Theron Thomas grew up with big dreams of becoming a successful recording artist, so he’s feeling overwhelmed with gratitude thanks to his Grammy nomination for Songwriter Of The Year.

The creative genius has worked behind the scenes for over 20 years crafting material that has been the soundtrack to many people’s lives. He’s written music for some of the best in the industry, including Beyoncé, Miley Cyrus, Rihanna, Future, Adam Levine and Doja Cat. Most recently, he worked with Justin Timberlake to create his new single “Selfish.” Now, the songwriter is finally getting recognized on a grand scale and opened up about how he’s feeling leading up to Music’s Biggest Night with Blavity.


View this post on Instagram


A post shared by Billie Goat (@therontheron_)

Last year, the Grammy-winning star was nominated for seven Grammys and won the award for Record of the Year for Lizzo’s hit song “About Damn Time.” This year he’s at the forefront as an official nominee for his writing skills due to his 2023 hit songs “All My Life” for Lil Durk and J. Cole,” “How We Roll” for Ciara and Chris Brown, “Cheatback” for Chlöe and Future and “Seven” for BTS member Kung Jungkook’s debut solo single featuring Latto to name a few. This is a monumental moment for him, especially as a Caribbean who grew up in the slums of St. Thomas.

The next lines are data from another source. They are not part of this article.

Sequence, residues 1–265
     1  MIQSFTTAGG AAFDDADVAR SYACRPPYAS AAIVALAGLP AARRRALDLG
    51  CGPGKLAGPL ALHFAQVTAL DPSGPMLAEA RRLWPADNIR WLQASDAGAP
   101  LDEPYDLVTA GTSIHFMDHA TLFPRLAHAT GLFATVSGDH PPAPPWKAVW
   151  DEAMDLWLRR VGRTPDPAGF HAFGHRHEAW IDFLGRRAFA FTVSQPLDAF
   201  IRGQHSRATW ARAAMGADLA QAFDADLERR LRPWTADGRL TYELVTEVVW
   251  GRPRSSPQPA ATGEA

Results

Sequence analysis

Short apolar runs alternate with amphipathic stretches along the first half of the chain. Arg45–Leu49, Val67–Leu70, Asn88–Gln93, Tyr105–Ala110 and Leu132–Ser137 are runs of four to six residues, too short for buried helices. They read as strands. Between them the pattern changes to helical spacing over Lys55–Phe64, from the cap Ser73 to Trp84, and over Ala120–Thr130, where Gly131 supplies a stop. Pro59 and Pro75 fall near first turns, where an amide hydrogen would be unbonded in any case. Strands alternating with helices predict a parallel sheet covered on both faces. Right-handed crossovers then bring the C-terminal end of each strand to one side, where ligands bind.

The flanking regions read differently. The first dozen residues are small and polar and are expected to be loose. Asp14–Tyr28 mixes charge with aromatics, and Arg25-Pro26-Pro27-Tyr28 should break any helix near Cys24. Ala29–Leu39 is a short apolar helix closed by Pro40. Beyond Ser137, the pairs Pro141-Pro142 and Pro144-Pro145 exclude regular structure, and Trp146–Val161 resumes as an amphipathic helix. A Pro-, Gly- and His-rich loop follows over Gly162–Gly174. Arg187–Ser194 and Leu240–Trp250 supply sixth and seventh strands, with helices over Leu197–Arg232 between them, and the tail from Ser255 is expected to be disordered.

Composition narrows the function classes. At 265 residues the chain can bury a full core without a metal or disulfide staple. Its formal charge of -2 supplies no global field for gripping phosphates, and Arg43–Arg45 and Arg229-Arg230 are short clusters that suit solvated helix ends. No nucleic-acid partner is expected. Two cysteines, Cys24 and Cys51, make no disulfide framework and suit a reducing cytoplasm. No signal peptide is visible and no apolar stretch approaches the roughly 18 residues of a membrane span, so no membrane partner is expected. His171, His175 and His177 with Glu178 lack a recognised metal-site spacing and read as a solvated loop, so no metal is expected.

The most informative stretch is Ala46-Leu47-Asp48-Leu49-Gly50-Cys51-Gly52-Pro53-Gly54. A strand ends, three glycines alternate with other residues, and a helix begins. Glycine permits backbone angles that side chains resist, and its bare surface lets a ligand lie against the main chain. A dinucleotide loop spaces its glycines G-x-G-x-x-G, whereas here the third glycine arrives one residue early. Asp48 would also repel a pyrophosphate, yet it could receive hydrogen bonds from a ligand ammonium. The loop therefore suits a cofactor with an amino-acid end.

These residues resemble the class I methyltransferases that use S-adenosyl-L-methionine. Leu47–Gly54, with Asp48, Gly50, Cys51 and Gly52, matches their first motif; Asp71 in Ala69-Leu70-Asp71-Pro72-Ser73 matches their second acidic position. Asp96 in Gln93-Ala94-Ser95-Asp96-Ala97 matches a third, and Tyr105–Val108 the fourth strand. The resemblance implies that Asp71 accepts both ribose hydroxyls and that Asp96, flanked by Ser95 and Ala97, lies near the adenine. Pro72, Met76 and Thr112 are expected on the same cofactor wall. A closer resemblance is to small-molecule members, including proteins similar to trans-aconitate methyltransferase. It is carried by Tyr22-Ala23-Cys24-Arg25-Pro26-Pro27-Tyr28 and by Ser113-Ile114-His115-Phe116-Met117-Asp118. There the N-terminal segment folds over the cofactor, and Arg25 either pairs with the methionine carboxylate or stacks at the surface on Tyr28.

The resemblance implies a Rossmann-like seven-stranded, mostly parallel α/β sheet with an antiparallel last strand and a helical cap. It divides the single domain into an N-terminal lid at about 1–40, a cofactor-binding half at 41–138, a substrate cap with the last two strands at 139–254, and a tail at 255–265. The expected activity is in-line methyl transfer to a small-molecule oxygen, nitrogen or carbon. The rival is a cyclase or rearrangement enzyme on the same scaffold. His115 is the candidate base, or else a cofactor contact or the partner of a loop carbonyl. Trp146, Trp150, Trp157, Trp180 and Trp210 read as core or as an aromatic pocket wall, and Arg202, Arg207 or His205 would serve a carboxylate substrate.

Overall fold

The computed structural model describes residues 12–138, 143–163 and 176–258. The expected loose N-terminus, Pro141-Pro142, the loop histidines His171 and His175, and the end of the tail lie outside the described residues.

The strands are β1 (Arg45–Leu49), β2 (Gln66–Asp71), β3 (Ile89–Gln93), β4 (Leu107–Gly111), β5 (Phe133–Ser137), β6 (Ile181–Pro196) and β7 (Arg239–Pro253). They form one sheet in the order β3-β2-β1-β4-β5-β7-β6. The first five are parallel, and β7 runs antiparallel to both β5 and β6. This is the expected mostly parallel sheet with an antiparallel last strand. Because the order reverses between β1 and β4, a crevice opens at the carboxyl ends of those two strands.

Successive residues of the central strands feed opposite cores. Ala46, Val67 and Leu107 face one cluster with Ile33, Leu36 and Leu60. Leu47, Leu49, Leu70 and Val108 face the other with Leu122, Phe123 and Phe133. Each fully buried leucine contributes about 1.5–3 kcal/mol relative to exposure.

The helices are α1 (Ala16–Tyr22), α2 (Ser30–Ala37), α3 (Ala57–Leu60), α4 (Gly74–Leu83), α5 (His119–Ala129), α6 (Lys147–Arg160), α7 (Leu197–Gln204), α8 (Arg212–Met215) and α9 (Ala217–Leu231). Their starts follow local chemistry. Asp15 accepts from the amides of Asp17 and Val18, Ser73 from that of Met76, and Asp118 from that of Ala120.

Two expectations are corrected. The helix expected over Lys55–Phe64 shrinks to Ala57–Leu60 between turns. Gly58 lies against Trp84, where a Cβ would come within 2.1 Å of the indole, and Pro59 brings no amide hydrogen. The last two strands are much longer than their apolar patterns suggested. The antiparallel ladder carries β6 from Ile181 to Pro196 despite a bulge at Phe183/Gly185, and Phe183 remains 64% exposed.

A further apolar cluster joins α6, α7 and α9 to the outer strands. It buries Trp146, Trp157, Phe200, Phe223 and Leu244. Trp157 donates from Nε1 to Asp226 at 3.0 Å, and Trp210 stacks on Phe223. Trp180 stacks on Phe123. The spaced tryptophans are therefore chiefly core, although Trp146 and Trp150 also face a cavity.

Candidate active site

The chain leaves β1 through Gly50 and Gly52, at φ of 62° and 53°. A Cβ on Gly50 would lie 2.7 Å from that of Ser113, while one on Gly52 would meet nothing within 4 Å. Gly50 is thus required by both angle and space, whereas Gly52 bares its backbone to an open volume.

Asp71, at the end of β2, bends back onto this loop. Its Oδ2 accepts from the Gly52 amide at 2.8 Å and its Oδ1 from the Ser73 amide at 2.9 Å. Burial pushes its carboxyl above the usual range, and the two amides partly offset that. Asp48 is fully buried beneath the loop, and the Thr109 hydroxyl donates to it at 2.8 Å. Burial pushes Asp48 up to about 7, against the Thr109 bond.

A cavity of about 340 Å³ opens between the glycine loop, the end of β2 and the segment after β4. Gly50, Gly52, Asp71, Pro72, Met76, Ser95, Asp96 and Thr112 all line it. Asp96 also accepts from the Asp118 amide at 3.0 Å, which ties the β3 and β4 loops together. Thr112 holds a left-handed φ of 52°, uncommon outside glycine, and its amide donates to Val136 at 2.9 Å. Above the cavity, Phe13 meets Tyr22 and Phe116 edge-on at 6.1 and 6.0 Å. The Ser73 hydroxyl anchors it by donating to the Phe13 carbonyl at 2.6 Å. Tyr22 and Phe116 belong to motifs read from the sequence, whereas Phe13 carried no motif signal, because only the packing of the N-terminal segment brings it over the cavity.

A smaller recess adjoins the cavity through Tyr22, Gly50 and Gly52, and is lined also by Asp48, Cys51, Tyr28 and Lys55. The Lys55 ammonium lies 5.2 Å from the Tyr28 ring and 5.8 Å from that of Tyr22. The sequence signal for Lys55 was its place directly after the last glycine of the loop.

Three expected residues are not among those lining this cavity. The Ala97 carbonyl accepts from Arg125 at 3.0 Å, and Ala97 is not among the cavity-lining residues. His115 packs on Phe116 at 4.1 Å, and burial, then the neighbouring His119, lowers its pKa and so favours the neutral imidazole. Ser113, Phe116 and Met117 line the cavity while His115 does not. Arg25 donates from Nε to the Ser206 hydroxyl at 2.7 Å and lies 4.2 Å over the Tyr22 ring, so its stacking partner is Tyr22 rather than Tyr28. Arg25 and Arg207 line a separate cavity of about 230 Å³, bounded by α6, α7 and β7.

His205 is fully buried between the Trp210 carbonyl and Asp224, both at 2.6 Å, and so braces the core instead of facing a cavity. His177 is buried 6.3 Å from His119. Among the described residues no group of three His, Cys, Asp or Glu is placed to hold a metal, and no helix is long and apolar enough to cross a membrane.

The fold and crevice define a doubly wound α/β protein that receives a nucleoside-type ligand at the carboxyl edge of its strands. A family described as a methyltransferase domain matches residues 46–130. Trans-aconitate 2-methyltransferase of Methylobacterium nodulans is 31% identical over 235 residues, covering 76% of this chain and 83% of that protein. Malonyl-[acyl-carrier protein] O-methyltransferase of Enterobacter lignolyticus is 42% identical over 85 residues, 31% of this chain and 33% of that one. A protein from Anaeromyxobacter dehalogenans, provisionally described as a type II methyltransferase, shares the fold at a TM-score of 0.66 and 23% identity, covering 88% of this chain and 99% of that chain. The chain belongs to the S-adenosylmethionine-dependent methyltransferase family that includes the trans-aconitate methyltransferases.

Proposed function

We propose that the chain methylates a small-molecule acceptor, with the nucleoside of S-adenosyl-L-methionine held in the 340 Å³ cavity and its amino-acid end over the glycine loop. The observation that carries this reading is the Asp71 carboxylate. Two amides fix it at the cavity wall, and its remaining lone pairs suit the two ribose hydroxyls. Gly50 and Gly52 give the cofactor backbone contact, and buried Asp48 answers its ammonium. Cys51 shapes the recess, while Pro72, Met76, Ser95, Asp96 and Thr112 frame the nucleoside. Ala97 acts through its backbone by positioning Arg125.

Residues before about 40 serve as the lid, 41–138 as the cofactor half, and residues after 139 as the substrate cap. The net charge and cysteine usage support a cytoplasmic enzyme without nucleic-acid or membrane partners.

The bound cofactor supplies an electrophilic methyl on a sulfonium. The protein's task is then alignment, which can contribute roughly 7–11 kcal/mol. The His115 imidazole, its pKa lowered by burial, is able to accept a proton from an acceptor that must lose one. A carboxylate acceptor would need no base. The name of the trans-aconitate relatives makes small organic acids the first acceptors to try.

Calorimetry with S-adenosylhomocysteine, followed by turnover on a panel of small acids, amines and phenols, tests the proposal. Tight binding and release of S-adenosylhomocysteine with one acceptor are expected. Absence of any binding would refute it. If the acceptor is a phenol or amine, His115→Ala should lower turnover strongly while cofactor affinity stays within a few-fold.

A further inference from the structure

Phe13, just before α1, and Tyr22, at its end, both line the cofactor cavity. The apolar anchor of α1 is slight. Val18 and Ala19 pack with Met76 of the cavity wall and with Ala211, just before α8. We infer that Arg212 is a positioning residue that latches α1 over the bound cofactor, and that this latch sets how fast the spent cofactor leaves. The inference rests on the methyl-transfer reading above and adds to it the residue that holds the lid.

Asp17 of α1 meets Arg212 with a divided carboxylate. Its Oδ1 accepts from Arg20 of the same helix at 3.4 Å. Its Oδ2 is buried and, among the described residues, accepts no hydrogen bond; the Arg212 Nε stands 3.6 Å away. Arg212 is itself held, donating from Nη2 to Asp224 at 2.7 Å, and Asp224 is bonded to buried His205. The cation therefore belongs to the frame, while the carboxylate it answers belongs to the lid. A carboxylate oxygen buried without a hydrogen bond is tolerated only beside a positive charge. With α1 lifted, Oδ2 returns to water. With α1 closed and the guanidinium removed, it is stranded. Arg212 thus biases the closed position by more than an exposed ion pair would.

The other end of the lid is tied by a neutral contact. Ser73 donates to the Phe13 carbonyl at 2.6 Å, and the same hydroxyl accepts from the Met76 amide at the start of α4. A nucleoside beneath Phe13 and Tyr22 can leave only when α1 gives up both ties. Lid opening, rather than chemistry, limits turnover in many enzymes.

“I’m not afraid of age. I’m 41 [and] I’m just so excited because I’m younger than I’ve ever been,” Thomas told Blavity. “Like, I’m in a room with all of the new writers and producers and, you know, I’m in a room with all the young n**gas and they’re like, ‘Bruh, what are we doing?’ And I’m keeping up.”

As the only person of color in the category, the 41-year-old is proud to be a representative for Black communities and his native land. As diverse as his catalog is, he feels the greatness his people have to offer the music industry shouldn’t fall into the same few categories they’re known for worldwide.

“I feel great ’cause I’m in it, but I also feel like I have a responsibility to talk to other young Black men and young Black women and other people of color making music and being like, ‘Yo bro, we can make music for Morgan Wallen and music for Taylor Swift and music for Lil Dirk and music for Joel Cook,'” he said. “Like I just don’t feel like we should be boxed into only hip-hop, R&B, or trap music, you know what I mean? I don’t think we should be in a place where they feel like, ‘Oh, hey guys those are your genres. You guys do that and we’ll do [this], nah bro.”

He attributes part of his success to the strategic process he has when working with various artists, which is always the same so a song will sound authentic to the individual no matter the genre of music.

“I do have a formula when I come in the room with an artist my number one thing is like, ‘Yo, how you feeling right now? Are we happy? Are we miserable? Are we like, we wanna turn up in the club. Where are we in our lives,” Thomas said.